By Lisa SmithThe amortization schedule for a residential mortgage is a table that provides a breakdown of the schedule of payments from the loan's first required payment to the loan's final payment. ...
  9. Insurance

    Whole or Term Life Insurance: Which Is Better?

    Learn the difference between term life insurance and whole life insurance. Understand when it is beneficial to buy each type of life insurance.
  10. Options & Futures

    Life Expectancy: It's More Than Just A Number

    Find out how this factor determines your life insurance premiums and affects your payout.
RELATED FAQS
  1. Why does the majority of my mortgage payment start out as interest and gradually ...

    When you make a mortgage payment, the amount paid is a combination of an interest charge and principal repayment. Over the ... Read Answer >>
  2. In the context of a bond, what does the principal refer to?

    Get introduced to the world of bond investing and learn what the term "principal" means in reference to a corporate or government ... Read Answer >>
  3. What are the responsibilities of the principal in a company?

    Learn to differentiate between some of the many definitions and responsibilities of a "principal" as it relates to business ... Read Answer >>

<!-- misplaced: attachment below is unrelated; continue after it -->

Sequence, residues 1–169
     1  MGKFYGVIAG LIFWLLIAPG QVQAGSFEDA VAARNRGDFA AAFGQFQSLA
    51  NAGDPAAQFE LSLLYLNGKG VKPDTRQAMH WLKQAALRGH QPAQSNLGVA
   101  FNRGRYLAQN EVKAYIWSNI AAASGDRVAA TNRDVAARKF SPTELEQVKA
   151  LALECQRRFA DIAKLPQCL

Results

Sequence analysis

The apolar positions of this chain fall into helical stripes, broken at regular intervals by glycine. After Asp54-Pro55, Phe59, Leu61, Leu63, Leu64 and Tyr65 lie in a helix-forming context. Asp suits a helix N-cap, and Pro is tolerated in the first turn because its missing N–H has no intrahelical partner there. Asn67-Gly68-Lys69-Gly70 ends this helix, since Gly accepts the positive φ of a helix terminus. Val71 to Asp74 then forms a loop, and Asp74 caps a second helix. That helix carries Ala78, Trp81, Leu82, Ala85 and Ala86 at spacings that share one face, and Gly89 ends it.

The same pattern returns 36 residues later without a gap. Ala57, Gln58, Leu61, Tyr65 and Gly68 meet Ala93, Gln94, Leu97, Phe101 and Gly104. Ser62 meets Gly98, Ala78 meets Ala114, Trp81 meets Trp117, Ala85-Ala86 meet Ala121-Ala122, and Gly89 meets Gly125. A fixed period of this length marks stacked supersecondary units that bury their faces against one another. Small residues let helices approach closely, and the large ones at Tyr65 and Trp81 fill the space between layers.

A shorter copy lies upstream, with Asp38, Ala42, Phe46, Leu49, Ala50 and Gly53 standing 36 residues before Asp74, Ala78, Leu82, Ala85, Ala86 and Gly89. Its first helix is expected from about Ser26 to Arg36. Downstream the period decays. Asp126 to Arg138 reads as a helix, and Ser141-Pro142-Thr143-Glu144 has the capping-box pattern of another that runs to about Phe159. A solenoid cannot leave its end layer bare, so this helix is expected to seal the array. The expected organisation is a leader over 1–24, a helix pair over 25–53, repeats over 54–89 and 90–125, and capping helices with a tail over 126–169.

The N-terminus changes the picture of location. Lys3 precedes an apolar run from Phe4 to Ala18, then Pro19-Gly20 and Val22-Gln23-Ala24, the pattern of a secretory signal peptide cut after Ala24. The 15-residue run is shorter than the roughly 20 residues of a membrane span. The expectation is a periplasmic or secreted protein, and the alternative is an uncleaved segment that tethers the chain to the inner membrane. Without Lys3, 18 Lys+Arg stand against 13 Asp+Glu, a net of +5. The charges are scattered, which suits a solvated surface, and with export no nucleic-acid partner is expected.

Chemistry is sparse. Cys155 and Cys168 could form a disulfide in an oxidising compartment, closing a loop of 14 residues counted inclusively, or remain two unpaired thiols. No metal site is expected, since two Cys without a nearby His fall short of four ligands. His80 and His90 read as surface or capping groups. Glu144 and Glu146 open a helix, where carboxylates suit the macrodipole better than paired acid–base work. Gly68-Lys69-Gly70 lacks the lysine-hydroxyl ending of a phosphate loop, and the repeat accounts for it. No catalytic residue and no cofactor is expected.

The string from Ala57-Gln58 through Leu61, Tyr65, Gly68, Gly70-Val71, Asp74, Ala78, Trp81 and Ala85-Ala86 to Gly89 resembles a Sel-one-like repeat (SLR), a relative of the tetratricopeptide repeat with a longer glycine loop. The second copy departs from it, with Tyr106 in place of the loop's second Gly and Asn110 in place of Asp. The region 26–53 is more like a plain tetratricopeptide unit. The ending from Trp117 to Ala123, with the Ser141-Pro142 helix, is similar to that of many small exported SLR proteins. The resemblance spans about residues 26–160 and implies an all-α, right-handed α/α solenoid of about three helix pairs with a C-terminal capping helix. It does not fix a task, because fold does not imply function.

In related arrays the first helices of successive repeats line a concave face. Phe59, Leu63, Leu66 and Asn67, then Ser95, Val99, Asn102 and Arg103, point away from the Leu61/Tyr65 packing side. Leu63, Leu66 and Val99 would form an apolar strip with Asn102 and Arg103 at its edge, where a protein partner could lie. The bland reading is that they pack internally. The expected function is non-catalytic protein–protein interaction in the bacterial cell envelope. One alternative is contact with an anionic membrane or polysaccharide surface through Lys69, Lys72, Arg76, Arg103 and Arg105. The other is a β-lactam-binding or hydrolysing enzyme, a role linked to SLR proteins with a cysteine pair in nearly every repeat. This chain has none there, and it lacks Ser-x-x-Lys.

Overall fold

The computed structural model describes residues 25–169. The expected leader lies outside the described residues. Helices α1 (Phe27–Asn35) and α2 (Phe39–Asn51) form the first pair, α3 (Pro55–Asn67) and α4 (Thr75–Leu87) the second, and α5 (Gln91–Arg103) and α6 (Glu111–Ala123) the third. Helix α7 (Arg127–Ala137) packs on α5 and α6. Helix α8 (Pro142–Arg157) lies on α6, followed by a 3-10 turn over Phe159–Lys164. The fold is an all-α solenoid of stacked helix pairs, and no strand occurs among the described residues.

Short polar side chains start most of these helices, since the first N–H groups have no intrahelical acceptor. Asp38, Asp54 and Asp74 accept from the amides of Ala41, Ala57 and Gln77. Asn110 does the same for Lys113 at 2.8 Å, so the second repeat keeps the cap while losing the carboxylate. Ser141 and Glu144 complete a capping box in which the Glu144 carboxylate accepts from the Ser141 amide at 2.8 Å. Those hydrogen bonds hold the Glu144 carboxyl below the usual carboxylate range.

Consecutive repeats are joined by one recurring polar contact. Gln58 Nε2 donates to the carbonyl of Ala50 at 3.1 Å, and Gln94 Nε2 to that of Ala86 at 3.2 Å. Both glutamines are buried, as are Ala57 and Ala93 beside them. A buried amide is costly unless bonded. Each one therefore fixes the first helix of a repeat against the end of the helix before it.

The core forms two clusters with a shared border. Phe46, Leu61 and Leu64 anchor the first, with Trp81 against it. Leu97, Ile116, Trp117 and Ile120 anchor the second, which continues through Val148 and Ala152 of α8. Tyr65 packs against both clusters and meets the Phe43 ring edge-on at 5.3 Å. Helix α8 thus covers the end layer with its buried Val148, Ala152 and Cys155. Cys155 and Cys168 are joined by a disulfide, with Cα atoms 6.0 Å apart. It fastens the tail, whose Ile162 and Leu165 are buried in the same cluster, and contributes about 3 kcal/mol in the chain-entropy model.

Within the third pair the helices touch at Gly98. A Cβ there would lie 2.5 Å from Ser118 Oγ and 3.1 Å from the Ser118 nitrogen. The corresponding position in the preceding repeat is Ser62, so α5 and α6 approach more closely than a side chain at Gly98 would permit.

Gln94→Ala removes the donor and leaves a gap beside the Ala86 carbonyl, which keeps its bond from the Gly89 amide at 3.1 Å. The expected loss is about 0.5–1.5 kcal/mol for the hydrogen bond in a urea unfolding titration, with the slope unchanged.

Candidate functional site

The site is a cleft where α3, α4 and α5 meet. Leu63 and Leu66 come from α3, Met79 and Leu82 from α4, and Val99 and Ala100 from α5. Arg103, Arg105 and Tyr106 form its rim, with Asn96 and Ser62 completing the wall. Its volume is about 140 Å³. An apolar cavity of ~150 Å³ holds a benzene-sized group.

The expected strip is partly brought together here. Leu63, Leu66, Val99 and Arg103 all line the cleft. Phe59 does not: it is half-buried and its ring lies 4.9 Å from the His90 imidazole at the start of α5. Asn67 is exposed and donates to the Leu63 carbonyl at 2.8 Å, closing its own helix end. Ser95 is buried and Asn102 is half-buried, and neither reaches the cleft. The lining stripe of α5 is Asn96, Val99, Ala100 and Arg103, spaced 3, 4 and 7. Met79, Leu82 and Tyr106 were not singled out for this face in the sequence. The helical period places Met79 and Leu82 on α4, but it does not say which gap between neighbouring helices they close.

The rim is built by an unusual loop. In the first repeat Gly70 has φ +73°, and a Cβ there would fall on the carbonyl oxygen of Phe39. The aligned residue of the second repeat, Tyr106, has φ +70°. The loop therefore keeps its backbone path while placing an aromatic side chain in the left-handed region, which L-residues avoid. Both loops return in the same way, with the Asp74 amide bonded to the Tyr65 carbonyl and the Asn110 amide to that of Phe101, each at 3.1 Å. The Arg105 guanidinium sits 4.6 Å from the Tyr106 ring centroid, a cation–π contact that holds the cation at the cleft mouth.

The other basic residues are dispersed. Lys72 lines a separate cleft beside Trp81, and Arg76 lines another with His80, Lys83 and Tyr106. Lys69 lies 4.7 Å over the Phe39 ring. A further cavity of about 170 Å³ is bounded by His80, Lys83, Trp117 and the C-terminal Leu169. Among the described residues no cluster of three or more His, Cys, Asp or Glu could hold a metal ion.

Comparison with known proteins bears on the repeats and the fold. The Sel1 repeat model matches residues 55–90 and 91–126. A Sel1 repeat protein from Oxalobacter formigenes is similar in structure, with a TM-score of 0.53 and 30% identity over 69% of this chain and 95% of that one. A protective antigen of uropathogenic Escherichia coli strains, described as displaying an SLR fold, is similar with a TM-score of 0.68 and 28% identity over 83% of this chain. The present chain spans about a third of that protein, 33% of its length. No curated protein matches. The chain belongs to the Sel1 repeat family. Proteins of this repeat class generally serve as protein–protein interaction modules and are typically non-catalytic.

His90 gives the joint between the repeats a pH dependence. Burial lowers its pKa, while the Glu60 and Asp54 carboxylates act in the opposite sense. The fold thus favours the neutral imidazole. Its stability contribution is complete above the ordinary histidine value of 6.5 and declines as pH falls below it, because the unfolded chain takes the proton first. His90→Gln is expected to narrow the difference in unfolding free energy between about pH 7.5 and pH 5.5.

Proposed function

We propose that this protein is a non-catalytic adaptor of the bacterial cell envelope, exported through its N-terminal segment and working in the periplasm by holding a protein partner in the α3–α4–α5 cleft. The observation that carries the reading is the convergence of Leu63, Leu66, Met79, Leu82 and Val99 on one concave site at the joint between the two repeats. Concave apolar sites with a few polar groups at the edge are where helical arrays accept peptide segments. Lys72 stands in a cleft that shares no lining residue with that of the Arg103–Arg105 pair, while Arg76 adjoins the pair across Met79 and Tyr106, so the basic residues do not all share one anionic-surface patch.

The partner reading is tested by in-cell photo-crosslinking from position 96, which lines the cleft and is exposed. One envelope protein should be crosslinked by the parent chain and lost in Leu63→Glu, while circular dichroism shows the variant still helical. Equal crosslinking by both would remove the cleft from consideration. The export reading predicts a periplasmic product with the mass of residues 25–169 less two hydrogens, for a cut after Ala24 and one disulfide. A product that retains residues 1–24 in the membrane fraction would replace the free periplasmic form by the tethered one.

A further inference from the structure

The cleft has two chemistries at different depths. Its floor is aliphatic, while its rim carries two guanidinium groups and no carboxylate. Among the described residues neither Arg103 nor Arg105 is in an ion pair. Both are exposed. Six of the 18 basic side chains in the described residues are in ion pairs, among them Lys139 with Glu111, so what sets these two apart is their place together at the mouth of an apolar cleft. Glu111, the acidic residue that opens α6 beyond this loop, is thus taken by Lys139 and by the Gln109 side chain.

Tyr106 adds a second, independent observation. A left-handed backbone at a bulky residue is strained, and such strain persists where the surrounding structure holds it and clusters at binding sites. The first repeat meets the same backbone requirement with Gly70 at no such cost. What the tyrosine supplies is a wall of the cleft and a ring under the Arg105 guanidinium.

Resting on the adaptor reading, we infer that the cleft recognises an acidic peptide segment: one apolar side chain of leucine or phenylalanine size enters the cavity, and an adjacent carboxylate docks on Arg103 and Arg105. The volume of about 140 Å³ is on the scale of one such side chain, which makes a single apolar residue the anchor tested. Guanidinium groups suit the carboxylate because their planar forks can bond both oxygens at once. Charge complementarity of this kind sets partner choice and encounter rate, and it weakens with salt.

4. I have discovered that a bond I am interested in has a sinking fund. What does this ...

    First, understand that a sinking fund provision is really just a pool of money set aside by a corporation to help repay a ... Read Answer >>
  5. Why is more interest paid over the life of a loan when it is capitalized?

    Learn what it means to capitalize interest on a loan. Understand why more interest is paid over the life of a loan when it ... Read Answer >>
  6. What is the weighted average of outstanding shares? How is it calculated?

    The amount of shares outstanding in a company will often change due to a company issuing new shares, repurchasing and retiring ... Read Answer >>
Hot Definitions
  1. Stop-Limit Order

    An order placed with a broker that combines the features of stop order with those of a limit order. A stop-limit order will ...
  2. Keynesian Economics

    An economic theory of total spending in the economy and its effects on output and inflation. Keynesian economics was developed ...
  3. Society for Worldwide Interbank Financial Telecommunications ...

    A member-owned cooperative that provides safe and secure financial transactions for its members. Established in 1973, the ...
  4. Generally Accepted Accounting Principles - GAAP

    The common set of accounting principles, standards and procedures that companies use to compile their financial statements. ...
  5. DuPont Analysis

    A method of performance measurement that was started by the DuPont Corporation in the 1920s. With this method, assets are ...
  6. Call Option

    An agreement that gives an investor the right (but not the obligation) to buy a stock, bond, commodity, or other instrument ...
Trading Center